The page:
Stop one on our trip through Louisville brought us to an unexpected stop...The MEGA CAVERN!  I saw it in the hotel directory, and remembered how much fun we had years ago in Austria going down in the salt mines, so decided to surprise them with a stop here.  It did not disappoint!  The kids were very excited to go down 75 feet and explore this man made wonder!

One of the first things we learned was the difference between a cave and a cavern.  Cave’s have one way in, and one way out.  Caverns, this one man made, has multiple exit points.  In fact, they have built such an elaborate escape hatch in the event of a fire in the cavern, that the fire department considers you to be ‘outside’ once you enter the hall.  During our tour, we were never more than 350 ft from the exit at any time.

The hall lined to the ticket booth had LOTS of interesting facts.  We loved that we were underneath all of the places we saw driving in.  We learned that there were 29 feet of limestone between the ceiling of the cavern and the parking lot of Wendy’s.  They actually consider the cavern to be a building, and it is the largest in KY.  But one of the coolest things we saw, (mostly because I became *slightly* obsessed with rock formations on my trip through WV and KY) was the idea that these layers of horizontal rock show cracks which represent years where oceans covered these rocks.  The fact that they are layered horizontally makes the area extremely stable, even in the event of an earthquake, which happened a few years ago.  The rocks slide against each other, therefore they are more stable. 

These caverns are pretty amazing because through the years they have undergone several major changes.  During the Cold War they were considered for a bunker in the event of a nuclear disaster.  Funny part was, in the event of nuclear fallout—they wanted lead doors to seal off the entrance.  They quickly figured out, they would switched to wooden doors.  Naturally, not the best choice for blocking radiation, yet, they put tons of money into supplying this space with needed items for fallout.  The kids think the most interesting was the drinking water vessels.  They were giant cans...which when the water was finished...would be turned into toilets.  Ya, gives a whole new meaning to ‘got to use the can.’  Budum bum!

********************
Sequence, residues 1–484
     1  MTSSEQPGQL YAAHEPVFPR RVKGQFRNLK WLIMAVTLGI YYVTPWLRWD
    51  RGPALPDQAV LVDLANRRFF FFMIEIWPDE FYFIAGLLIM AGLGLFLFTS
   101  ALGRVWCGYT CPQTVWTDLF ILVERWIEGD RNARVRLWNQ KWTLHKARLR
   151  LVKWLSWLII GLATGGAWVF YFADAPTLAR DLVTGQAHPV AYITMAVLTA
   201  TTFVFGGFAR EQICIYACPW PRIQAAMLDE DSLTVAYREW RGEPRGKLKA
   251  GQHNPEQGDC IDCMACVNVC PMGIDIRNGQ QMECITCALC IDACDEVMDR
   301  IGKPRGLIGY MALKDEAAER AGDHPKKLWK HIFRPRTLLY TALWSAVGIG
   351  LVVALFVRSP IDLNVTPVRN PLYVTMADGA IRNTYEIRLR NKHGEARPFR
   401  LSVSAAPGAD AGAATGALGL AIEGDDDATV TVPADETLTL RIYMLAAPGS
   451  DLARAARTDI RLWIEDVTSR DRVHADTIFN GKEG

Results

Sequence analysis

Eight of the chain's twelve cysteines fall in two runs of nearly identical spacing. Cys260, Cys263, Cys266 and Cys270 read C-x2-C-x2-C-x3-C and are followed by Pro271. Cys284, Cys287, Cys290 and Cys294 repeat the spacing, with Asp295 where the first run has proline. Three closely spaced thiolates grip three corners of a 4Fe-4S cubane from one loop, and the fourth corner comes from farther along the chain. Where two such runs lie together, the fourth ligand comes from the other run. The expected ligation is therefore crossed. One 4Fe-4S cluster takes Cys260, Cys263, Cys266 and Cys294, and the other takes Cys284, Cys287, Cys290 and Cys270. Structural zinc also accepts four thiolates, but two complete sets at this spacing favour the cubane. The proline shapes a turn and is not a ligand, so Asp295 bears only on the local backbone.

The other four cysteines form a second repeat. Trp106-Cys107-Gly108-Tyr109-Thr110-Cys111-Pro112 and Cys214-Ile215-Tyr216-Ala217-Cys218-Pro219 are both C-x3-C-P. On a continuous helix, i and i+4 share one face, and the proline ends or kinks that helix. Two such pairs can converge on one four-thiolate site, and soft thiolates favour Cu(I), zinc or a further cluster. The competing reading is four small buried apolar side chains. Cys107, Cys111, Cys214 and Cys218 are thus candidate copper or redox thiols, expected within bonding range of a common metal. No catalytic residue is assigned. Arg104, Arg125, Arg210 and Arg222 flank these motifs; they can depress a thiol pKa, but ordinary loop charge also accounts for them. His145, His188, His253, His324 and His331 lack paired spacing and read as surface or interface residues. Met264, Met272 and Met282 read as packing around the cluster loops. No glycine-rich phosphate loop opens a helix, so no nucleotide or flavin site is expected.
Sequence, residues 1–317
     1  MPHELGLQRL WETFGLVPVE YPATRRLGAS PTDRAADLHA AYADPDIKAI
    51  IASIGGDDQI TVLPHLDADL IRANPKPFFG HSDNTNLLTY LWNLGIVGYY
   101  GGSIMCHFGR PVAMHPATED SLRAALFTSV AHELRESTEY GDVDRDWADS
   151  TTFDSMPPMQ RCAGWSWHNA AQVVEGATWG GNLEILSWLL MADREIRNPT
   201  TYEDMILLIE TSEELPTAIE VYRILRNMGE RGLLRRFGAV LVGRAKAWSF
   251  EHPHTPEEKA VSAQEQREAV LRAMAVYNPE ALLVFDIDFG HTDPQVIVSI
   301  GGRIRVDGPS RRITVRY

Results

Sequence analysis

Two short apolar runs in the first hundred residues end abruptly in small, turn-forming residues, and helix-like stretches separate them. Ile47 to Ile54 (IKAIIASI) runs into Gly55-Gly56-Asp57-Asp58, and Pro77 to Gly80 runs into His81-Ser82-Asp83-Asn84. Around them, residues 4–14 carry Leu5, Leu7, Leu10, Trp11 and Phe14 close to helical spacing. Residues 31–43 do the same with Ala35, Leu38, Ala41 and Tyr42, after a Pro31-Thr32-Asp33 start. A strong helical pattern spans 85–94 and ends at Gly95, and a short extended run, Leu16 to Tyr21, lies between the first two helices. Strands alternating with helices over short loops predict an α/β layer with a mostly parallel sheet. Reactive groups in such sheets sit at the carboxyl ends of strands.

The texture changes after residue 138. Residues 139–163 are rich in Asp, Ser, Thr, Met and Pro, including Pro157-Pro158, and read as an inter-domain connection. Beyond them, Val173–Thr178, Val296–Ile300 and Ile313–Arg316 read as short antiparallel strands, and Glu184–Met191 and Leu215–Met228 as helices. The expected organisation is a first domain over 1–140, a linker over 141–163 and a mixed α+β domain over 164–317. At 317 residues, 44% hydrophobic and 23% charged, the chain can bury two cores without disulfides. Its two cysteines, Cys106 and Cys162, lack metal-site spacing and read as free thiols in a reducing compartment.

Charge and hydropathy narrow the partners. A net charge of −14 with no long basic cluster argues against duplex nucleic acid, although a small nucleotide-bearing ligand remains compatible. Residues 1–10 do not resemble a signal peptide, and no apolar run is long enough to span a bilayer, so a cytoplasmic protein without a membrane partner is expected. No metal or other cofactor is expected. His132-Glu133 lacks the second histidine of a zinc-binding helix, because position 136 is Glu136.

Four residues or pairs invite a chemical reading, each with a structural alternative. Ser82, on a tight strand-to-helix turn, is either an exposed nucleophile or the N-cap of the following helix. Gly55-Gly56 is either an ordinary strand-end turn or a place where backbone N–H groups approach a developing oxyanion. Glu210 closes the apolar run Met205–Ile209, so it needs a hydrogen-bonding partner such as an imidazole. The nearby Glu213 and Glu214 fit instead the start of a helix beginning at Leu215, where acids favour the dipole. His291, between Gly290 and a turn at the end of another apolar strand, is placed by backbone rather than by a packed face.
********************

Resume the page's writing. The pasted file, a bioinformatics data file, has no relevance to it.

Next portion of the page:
There were many signs that pointed to the ultimate ‘greenness’ of this facility, but none as good as the bathroom sign.  In the cavern, they have a worm farm!  And, they compost all paper and leaves from the property into a worm farm.  The only downside they found was when they turned off the lights (they simulate the sun)  all the worms tried to flee!  Ewww!

So, after many studies regarding what to do with these mines after they were closed in the 70’s, they decided to use them mainly for recycling of stone, asphalt and largely cement.  Originally, the caverns depth was 90 feet.  Now, the area we toured is only 28 feet.  They have used recycled material from construction sights to backfill and make a floor in the caverns.  The project continues to take recycled waste and form floors within the caverns.  Within this space ‘rooms’ are created and rented out to various places.  For example, Snyders, the pretzel makers, are storing food items there.  The KY medical board is storing vaccines and antidotes in the event of a pandemic.  Additionally, there are many locals who store boats and RVs there.  Maintaining a constant 58 degrees makes it ideal for storage.  The tour was awesome, and the kids loved it.  In May they are opening a zip line.   It will ride/drop you into one of the 90 ft deep caverns, over lakes 50 feet deep.  The kids cannot wait to return for that!!!